First edition. - New York : Empire State Editions, an imprint of Fordham University Press, 2014.
Book — xii, 323 pages : illustrations ; 27 cm
1. Building (and Not Building) New York City's Subway System
2. Sound to Shore - The Unbuilt Brooklyn Queens Crosstown Line
3. Why the No. 7 Line Stops in Flushing
4. The Battle of the Northeast Bronx - 1
5. Buy Land Now, Ride the Subway Later
6. Ashland Place and the Mysteries of 76th Street
7. To the City Limits and Beyond
8. The Battle of the Northeast Bronx - 2
9. Building the Line That Almost Never Was
10. Other Plans, Other Lines, Other Issues in the Postwar Years
11. What Happened to the Rest of the System???
Appendix 1. The 1944 Service Plan
Appendix 2. The 1947 2nd Avenue Service Plan Notes Bibliography Index.
(source: Nielsen Book Data)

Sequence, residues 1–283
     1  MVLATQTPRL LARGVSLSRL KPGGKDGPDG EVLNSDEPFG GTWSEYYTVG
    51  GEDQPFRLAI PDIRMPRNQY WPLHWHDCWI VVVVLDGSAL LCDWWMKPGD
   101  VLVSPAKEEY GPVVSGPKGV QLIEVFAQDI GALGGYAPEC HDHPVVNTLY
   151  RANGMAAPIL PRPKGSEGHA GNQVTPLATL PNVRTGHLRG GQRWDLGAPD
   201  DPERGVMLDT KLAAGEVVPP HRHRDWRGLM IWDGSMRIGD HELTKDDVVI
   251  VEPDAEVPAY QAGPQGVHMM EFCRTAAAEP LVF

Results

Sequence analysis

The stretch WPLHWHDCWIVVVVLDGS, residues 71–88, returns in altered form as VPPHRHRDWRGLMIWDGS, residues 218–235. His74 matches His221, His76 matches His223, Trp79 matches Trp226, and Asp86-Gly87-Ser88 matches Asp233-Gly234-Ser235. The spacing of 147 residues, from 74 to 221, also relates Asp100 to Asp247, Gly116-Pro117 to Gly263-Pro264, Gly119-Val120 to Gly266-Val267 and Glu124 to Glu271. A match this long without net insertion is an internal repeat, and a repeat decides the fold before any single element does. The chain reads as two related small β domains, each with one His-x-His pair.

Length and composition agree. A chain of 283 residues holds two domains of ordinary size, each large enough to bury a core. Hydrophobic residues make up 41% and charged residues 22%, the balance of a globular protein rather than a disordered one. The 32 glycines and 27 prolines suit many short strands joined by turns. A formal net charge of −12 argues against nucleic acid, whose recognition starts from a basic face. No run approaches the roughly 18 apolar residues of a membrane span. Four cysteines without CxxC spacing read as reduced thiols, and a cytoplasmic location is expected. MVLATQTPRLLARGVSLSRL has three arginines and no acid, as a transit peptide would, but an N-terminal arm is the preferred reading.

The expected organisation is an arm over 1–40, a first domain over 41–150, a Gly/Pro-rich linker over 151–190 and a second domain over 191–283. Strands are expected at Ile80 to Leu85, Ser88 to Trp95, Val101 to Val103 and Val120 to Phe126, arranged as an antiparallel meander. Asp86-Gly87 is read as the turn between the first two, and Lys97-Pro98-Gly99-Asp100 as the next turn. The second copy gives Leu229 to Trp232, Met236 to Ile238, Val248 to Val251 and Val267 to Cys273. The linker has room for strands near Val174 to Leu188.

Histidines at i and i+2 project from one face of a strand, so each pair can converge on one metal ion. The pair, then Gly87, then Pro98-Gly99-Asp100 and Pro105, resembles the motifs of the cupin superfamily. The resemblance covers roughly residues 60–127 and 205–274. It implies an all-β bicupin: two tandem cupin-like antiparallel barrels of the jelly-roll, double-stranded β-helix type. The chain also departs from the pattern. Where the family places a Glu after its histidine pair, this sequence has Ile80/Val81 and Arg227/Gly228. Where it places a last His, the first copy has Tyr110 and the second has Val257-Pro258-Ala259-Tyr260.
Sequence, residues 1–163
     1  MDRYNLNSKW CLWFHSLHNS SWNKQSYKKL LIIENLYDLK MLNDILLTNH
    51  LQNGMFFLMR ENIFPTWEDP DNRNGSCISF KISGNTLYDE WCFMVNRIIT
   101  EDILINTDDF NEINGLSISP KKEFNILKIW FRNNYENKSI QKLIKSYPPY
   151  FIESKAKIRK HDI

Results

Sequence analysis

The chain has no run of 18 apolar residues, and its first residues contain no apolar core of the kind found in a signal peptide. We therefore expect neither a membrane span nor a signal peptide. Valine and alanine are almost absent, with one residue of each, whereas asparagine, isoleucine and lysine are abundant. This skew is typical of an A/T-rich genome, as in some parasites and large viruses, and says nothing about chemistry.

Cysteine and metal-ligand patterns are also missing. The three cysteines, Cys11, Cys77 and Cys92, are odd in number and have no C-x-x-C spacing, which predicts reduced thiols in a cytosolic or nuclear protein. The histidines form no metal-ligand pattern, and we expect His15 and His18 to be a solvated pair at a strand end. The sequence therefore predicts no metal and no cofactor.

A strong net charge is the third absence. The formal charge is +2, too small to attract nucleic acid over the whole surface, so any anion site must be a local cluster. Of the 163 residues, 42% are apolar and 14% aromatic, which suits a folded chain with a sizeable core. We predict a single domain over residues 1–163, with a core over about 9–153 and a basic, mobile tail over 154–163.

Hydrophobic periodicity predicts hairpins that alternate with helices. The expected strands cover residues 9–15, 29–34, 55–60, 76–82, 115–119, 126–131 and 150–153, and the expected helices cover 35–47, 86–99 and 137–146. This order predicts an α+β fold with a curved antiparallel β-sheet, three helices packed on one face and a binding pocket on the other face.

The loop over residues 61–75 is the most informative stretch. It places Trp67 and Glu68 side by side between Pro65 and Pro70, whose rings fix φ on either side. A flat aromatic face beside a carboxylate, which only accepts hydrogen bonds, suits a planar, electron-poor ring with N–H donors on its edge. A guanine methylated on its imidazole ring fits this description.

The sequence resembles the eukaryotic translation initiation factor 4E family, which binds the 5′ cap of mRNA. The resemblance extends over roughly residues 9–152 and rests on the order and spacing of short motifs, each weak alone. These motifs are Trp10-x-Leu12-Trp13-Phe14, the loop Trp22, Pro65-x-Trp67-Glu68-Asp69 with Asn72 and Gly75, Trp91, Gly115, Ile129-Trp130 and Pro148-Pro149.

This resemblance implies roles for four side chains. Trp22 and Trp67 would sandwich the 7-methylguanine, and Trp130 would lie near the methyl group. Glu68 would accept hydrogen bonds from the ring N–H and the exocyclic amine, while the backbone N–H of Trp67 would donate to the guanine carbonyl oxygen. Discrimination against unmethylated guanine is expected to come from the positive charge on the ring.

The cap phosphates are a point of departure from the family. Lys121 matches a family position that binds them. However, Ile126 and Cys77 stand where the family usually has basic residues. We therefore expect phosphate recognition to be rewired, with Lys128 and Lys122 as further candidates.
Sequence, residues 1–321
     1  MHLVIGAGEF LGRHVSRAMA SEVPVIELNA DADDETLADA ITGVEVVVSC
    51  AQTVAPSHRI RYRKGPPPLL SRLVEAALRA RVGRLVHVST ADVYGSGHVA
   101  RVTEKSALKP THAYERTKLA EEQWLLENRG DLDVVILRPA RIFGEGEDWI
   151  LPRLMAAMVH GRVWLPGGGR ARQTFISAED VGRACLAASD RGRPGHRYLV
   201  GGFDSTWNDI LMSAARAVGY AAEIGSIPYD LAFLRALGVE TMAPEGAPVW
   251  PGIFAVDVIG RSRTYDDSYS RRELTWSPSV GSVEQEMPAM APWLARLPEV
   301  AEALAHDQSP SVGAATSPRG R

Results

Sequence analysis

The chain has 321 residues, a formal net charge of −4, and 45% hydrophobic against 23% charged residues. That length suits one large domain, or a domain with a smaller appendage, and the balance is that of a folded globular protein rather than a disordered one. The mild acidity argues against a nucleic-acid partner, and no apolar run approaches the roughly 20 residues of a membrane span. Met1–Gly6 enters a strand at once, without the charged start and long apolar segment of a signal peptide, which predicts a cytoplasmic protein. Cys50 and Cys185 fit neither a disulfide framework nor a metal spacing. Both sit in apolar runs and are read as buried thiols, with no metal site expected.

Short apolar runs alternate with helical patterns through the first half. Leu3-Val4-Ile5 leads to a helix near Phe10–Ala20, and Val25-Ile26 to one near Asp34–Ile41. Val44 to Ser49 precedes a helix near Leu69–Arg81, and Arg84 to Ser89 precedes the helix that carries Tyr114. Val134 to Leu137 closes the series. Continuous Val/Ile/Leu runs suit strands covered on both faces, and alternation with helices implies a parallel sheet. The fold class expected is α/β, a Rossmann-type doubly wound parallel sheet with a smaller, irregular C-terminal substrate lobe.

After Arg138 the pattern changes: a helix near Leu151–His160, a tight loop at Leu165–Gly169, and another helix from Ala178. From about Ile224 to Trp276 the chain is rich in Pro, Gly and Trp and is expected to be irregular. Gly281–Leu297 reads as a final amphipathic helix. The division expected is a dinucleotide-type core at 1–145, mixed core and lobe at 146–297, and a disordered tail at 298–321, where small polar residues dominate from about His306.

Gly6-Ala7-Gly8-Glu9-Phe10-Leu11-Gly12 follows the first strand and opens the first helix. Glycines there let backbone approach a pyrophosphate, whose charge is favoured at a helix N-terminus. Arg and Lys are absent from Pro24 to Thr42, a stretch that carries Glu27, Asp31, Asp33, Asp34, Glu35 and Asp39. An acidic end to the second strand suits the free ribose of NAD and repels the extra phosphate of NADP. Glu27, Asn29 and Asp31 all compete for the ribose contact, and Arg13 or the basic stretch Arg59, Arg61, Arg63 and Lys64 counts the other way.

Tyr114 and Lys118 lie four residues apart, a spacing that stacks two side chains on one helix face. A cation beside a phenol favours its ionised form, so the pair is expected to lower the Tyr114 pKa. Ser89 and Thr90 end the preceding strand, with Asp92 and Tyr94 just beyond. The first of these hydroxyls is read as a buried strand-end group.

New York City's rapid transit system went beyond what we know it as today. Although the most well-known unbuilt line has been the 2nd Avenue Subway (part of which is now being completed after delays dating back to 1929), there have been many other plans announced that would have stretched the system out to and beyond the city limits in all five boroughs. All of the subway system plans, realized or unrealized, strongly influenced the development of New York City as a whole. For a significant part of the 20th Century, the system was planned to expand ahead of the development of residential and commercial areas. Developers looked to purchase land in the service areas of the new lines. The Routes Not Taken looks at how some developers tried to use the growth of the transit system to make their properties more valuable. In addition, The Routes Not Taken looks at some of the people who both positively and negatively affected the growth of the transit system. Some of them are still well-known (Mayors Fiorello H. La Guardia and James J. Walker and Robert Moses), others have been forgotten with time (John H. Delaney, who ran the transit system for decades, and planners like Daniel L. Turner). The Routes Not Taken is intended to provide readers with an understanding of how the transit system could have grown beyond its current limits and the conditions and actions that kept it from expanding further and how it actually contracted over the years. (source: Nielsen Book Data)